Shortly after the NFL approved Haslam’s ownership of the Cleveland Browns last October, he addressed the media in a Chicago hotel. Haslam said his style of leadership in the NFL would be similar to his role as a CEO.

“I had five people that reported to me at Pilot Flying J. They’re all smarter than I am and they’re all better at their role than I am, and we let them do their jobs. On the other hand, we question them, we push them, we challenge them, we hold them accountable,” he said.

If what’s revealed in the affidavit is proven to be true, the primary accountability in the Pilot sales department was to profit, and the brains Haslam praises were used as the justification for defrauding “less sophisticated” customers.

The government’s affidavit details a culture of arrogance and recklessness seemingly encouraged by the corporation. Whether or not Haslam is eventually implicated in the fraud, Pilot likely won’t be coming out of this scandal unscathed.

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The FBI’s investigation goes back two years, to May 4, 2011, when the agency was approached by a current Pilot employee with knowledge of what the affidavit refers to as “discount fraud” and “rebate fraud.” The document notes that Pilot employees referred to the former as “managing the discount,” and “jacking the discount,” and the latter as “manual rebates,” “manuel,” “manwell,” “manuals,” “manny,” “manually calculating the rebate,” “cutting the rebate,” “adjusting,” and “trimming,” “cost-plussing,” “screwing,” and “f--king.” (Fair warning: The excerpts of conversation that we will quote throughout this story are chock-full of language much more colorful than “f--king.”)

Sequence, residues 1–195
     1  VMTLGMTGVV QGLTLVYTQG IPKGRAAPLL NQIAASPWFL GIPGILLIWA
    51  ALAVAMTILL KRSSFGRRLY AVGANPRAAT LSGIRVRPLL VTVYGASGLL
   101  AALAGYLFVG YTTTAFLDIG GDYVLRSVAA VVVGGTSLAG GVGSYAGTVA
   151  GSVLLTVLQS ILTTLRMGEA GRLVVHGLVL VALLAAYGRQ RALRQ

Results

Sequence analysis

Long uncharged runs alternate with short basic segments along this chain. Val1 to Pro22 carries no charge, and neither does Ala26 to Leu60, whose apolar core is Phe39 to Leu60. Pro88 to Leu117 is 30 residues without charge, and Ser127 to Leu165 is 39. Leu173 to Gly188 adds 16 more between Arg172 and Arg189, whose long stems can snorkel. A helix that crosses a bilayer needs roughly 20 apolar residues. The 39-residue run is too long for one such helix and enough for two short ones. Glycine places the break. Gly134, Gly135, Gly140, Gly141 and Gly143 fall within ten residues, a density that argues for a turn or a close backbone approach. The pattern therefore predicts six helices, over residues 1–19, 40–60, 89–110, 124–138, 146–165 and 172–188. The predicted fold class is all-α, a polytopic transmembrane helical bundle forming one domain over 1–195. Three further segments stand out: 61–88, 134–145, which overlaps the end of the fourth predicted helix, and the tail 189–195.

This employee, referred to in the document as Confidential Human Source 1, or CHS-1, told the FBI that another employee, CHS-2, had told him/her that a number of employees were intentionally defrauding customers. CHS-1 then secretly recorded this employee in conversation from June 2011 until sometime in 2012. Over the course of these conversations, CHS-2 revealed that Freeman and Mosher “had been fraudulently withholding a portion of the Rebate Amount due to their Customers who received monthly rebate checks.” These same conversations also revealed that a former Pilot employee, Cathy Giesick, had known about the fraud while at the company; she agreed to help with the investigation.